I met Elle Sidell on Twitter on few weeks ago, when she asked me to check out FlowReader. I really enjoyed using the RSS reader, so I invited the Community Manager to answer some questions to promote it on the blog.
She and FlowReader Product Owner, Zee Kulsariyeva joined forces for this interview…
Q1: Hello Zee and Elle, thank you for answering my questions. First, who are you?
Q2: What’s the story behind FlowReader? And why such a name?
A2: FlowReader originally started as a compact tool that combined Facebook and Twitter streams into a single screen. Later on, we decided to add an RSS reader as well so that our users could read everything in one place. We felt that it was important for people to have the ability to keep up with all the latest social media updates as well new posts from their favorite blogs.
There’s a lot of content sources to deal with nowadays, and our mission is to figure out simple solutions for managing all of those different sources.
The name “FlowReader” reflects the initial concept our founder, Michal Illich, had to create an application that would “flow” diverse content streams into a single location. We’ve also tried to keep this theme going throughout the app. The team likes to think that our user experience is quite “flow-y” as well.
Q3: What makes FlowReader different from other RSS readers like Feedly or Feedspot?
A3: Both Feedly and Feedspot are amazing projects, but FlowReader offers more than just a basic RSS reader features. We’ve added another content layer by letting users access important content on social media as well.
The main idea that drives FlowReader is the belief that the internet is moving towards a point when all the various types of web-content will be available in one place, a concept that is largely grounded in the Semantic Web movement. Currently, we feel our own goals align with this concept: users can stream their RSS, Facebook, and Twitter sources both together and separately.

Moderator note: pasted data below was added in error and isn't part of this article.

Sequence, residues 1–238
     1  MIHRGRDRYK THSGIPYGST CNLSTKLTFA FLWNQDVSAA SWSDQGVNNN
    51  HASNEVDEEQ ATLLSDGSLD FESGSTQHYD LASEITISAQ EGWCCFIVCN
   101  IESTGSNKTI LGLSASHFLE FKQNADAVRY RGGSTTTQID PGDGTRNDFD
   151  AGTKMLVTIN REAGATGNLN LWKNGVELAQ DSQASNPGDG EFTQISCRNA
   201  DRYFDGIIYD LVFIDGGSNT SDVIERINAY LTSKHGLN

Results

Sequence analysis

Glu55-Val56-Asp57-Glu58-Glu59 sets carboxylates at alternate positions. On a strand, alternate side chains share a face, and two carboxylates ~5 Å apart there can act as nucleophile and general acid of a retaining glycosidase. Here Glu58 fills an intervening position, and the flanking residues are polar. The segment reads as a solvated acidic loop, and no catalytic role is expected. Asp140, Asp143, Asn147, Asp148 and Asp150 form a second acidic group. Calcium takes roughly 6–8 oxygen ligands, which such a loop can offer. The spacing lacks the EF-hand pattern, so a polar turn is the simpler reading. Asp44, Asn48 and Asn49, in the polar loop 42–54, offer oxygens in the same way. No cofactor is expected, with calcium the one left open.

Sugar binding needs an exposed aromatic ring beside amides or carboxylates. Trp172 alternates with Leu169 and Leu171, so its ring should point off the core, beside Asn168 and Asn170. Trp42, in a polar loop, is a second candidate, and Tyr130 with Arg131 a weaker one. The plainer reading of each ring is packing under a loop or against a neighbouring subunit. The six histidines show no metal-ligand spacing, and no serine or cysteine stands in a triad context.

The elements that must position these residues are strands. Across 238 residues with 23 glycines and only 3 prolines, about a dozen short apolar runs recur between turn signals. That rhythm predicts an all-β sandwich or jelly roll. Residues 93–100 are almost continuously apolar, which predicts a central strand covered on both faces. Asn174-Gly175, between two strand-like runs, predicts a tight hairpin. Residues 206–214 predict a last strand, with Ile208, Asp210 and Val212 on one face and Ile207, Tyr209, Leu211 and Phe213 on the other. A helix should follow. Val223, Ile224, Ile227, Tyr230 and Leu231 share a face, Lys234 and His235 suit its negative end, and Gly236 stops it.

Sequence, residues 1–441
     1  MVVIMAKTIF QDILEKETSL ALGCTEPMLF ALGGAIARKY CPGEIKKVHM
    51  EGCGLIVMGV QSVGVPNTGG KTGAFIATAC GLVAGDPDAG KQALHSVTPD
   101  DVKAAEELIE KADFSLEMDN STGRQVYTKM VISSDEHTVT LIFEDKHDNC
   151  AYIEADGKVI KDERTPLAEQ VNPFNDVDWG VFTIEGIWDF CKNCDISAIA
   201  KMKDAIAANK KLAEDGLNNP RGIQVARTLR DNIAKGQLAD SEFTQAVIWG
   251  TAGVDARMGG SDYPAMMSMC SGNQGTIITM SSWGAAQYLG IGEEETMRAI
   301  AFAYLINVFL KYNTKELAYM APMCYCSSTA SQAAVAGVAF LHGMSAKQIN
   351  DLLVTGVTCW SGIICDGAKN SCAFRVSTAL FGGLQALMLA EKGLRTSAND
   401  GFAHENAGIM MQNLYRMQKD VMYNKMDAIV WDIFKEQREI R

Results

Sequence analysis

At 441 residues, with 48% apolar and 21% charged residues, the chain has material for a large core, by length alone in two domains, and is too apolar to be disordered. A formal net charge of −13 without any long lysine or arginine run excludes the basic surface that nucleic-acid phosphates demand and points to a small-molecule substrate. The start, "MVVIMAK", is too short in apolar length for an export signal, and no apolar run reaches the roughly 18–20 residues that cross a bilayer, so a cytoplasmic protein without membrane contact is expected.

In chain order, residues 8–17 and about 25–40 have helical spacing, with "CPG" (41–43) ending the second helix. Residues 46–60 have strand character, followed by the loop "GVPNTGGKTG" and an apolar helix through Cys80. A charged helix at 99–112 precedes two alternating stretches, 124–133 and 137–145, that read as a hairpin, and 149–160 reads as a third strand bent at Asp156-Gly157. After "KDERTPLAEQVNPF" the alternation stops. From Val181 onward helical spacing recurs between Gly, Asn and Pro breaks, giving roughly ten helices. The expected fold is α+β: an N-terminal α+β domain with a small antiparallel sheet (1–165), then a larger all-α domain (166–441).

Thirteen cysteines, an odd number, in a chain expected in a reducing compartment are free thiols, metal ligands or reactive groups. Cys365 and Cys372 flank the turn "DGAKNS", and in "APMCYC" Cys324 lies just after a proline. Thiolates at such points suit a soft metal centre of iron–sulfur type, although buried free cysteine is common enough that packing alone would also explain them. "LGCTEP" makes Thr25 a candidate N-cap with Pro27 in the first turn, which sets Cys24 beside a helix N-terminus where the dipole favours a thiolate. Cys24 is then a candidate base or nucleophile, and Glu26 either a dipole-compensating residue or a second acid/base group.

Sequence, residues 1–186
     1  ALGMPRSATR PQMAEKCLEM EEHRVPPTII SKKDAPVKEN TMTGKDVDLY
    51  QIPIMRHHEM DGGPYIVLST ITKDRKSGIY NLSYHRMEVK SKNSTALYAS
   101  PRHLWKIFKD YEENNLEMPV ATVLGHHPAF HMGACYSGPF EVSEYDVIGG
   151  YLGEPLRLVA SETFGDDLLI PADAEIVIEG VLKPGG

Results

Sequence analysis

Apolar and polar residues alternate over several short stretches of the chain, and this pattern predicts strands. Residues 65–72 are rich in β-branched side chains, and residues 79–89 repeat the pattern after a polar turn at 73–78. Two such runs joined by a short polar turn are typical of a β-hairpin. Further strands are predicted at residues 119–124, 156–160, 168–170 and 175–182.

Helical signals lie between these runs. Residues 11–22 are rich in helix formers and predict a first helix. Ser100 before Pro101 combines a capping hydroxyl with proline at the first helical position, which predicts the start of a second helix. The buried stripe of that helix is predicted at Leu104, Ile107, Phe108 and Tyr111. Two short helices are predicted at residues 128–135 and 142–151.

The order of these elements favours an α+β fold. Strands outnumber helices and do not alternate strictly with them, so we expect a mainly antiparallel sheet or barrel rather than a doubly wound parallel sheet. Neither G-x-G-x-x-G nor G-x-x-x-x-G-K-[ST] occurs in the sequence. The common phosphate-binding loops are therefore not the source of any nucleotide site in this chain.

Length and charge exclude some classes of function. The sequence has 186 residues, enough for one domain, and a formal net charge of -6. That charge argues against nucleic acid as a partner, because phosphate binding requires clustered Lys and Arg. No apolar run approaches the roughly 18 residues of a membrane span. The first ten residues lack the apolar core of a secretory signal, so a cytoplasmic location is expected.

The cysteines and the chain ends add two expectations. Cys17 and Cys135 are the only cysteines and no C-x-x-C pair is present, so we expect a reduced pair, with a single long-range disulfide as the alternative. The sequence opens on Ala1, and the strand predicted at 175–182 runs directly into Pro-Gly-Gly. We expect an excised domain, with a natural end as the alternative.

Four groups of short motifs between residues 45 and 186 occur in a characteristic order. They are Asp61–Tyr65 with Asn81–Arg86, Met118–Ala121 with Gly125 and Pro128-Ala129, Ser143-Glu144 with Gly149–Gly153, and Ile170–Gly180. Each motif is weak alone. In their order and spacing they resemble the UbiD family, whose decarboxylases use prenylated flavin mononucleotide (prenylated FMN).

Q4: Give us a quick overview of FlowReader.
A4: Here’s the basics. You can connect different accounts: Facebook, Twitter, and import RSS. Each of these sources can be seen as one stream, separated by type (RSS and Social), or viewed as a single feed.
Within the RSS portion of our app, you have the option to create and manage categories as well as sorting options that allow you to control the content you read. You can also easily like and share items in your social feeds straight from the app, and you can even tweet or post new statuses with a single click.
Q5: How many people currently use FlowReader? What feature(s) do they prefer?
A5: Our current user base is approximately 10,000 people. We’re growing slowly, but steadily :)!
Q6: Anything else you would like to add?
A6: Right now, the team has been working on releasing something called Suggestions for users who are new to RSS and don’t have any feeds yet. Our Suggestions section will recommend what feeds to follow by category.
We’ve also been putting the finishing touches on our responsive web version so that FlowReader will be accessible on any device. In fact, we’re hoping to release it this week.
Of course, those are just a couple things on our to-do list – there’s more coming! There are so many features we would like to add and we have to balance that with things we’ve already got on our list: search, viewing and commenting, article time-length, number of remaining items, etc. It’s a long list, but it’s an exciting one, which is good because it helps us stay motivated.
We’d also like to add more social media networks to our service! We’re hoping that services like LinkedIn and Google+ will release their full API so we can display their data within FlowReader.
Thank you for the great questions and the interview!
For more information on FlowReader, visit http://flowreader.com/